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Cinchona bark is not easy to obtain and this difficulty made quinine a challenge to produce. In 1944, synthetic quinine was developed by American scientists. When synthetic quinine proved to be very effective against malaria with fewer side effects, the need for natural quinine subsided.
As mosquito control efforts became more sophisticated, scientists expected that the combination of quinine and fewer malaria-spreading mosquitoes would eradicate malaria. However, governments scaled back malaria control efforts before the mosquito was eliminated, partially due to evidence that insecticides containing the chemical DDT, while effective against the mosquitoes that cause malaria, also killed fish and birds. Additionally, the mosquito evaded door-to-door spraying efforts by avoiding indoor walls and ceilings, and instead, bit workers in the field. The ease of global travel brought malariainfected travelers to countries that had not seen a malaria outbreak in decades. In South Africa, malaria returned in 1997, after a fifty-year absence.
Complicating the situation, forms of the malaria parasite that are not affected by synthetic quinine and other anti-malarial drugs emerged in Southeast Asia in the 1990s. Scientists forecast that quinine-resistant malaria could spread to Africa, where ninety percent of the world's cases of cerebral malaria occur. The death rate from malaria in Africa could double to seven million per year as a result. A Chinese herbal medicine, artemether, that can treat resistant malaria was discovered by Western scientists in the mid-1990s, but it is not readily available.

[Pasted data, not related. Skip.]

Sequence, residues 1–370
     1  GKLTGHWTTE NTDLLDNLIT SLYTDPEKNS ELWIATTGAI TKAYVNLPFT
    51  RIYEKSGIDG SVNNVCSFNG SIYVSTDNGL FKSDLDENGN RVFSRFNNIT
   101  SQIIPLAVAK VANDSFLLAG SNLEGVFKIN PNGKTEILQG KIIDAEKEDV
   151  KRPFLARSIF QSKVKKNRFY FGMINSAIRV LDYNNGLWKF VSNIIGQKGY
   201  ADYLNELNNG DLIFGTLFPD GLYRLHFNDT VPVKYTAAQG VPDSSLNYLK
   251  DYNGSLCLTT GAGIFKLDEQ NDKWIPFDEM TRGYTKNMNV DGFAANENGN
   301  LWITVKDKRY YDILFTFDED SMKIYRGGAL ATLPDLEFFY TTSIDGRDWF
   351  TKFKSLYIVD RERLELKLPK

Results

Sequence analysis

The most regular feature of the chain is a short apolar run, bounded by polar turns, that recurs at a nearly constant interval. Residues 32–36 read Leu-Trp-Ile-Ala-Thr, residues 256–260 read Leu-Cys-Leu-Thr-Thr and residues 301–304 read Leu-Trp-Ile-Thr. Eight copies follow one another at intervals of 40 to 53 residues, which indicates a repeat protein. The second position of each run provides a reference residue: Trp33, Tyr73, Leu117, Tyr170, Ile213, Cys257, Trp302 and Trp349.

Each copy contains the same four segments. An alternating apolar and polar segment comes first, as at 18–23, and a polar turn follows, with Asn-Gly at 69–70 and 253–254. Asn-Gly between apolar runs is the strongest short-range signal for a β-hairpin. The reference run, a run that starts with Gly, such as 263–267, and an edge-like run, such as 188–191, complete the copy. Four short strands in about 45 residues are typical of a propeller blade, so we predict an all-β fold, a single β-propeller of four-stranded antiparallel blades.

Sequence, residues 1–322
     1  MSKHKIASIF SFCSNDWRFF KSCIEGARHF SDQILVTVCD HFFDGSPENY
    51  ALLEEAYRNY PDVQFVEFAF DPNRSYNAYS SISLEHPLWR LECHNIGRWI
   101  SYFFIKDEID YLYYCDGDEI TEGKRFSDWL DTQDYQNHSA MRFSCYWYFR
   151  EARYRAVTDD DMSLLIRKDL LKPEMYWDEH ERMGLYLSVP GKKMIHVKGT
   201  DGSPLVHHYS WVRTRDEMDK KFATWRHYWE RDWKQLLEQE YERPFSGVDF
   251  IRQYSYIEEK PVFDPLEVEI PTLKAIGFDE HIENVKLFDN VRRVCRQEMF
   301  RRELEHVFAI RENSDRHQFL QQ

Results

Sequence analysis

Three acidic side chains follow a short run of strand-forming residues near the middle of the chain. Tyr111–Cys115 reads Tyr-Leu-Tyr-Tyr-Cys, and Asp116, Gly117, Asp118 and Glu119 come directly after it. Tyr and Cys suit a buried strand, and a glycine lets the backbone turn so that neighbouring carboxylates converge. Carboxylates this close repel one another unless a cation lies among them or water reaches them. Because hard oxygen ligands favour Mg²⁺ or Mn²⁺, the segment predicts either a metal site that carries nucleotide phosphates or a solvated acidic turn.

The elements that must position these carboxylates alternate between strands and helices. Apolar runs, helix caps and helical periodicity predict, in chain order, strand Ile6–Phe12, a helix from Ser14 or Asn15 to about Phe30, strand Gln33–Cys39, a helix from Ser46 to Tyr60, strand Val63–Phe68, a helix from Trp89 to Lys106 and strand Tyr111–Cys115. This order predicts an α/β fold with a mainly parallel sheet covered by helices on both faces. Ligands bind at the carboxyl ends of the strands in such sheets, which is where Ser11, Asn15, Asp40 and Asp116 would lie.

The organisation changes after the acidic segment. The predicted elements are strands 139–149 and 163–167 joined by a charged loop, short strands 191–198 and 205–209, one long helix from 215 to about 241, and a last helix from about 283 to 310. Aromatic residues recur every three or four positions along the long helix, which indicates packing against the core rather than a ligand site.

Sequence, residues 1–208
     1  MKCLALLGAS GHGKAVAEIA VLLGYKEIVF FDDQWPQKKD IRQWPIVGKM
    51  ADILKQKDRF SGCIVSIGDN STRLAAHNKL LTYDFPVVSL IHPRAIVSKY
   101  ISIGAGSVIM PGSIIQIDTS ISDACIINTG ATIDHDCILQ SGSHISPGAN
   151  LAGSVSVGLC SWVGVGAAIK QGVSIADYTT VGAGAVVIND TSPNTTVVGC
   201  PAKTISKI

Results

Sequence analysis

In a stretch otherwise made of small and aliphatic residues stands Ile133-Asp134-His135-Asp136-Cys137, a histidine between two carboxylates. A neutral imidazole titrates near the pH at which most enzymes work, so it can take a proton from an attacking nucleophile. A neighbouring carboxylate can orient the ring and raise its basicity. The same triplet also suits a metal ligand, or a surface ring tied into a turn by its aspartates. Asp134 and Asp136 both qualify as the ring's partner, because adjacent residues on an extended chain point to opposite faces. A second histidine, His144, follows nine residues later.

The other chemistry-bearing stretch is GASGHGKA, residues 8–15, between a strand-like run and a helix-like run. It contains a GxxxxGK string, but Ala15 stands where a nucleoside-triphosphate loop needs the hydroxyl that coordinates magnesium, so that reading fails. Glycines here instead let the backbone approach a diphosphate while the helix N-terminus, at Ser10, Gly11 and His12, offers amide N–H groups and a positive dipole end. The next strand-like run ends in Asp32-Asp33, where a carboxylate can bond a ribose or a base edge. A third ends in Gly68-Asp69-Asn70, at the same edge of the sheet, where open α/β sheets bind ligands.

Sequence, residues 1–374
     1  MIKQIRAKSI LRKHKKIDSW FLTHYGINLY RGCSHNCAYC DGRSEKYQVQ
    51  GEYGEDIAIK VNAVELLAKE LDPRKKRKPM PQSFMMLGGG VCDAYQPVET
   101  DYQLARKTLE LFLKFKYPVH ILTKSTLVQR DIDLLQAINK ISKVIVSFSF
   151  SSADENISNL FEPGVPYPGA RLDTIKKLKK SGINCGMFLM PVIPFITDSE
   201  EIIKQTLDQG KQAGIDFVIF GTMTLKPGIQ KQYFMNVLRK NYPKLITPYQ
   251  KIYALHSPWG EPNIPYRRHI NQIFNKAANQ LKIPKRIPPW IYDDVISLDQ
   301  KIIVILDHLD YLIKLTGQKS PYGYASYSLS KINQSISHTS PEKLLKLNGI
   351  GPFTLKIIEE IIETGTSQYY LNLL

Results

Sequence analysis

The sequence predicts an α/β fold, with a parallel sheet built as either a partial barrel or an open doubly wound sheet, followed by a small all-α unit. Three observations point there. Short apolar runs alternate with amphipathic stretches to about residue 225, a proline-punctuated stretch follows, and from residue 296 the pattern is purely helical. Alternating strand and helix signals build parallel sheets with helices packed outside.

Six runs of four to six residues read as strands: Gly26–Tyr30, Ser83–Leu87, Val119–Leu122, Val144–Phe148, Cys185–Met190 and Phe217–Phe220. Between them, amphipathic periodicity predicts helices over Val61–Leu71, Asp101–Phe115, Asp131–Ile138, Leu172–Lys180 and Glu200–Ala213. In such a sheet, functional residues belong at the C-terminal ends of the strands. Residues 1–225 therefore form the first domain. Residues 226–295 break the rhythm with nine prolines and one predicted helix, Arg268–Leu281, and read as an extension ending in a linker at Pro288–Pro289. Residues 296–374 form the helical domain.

Drug firms have been slow to develop artemether because they cannot apply for patents on a drug that is already used in traditional Chinese medicine and has already been described in the scientific literature. Therefore, no firm would have the sole rights to the drug that would guarantee healthy profits. One French company currently manufactures the drug from scrub wormwood extracts, however, the cost of the drug is twice as much as quinine. In poverty-stricken African countries, few could afford artemether.
In late 2005, the Bill and Melinda Gates Foundation announced a$258 million gift for fighting malaria in the developing world. Almost one third of the money will support efforts to develop a vaccine to protect children against a severe form of malaria, while the remaining funds will be used to speed the development of new drugs to treat people that are already infected with the disease and to develop effective new pesticides. Scientists also have returned to pesticides containing DDT for use against mosquitoes in limited areas in some African countries where malaria is endemic (naturally occurring).
Hobhouse, Henry. Seeds of Change: Five Plants That Transformed Mankind. New York: Harper & Row, 1986.
Rocco, Fiametta. Malaria and the Quest for a Cure that Changed the World. New York: HarperCollins, 2003.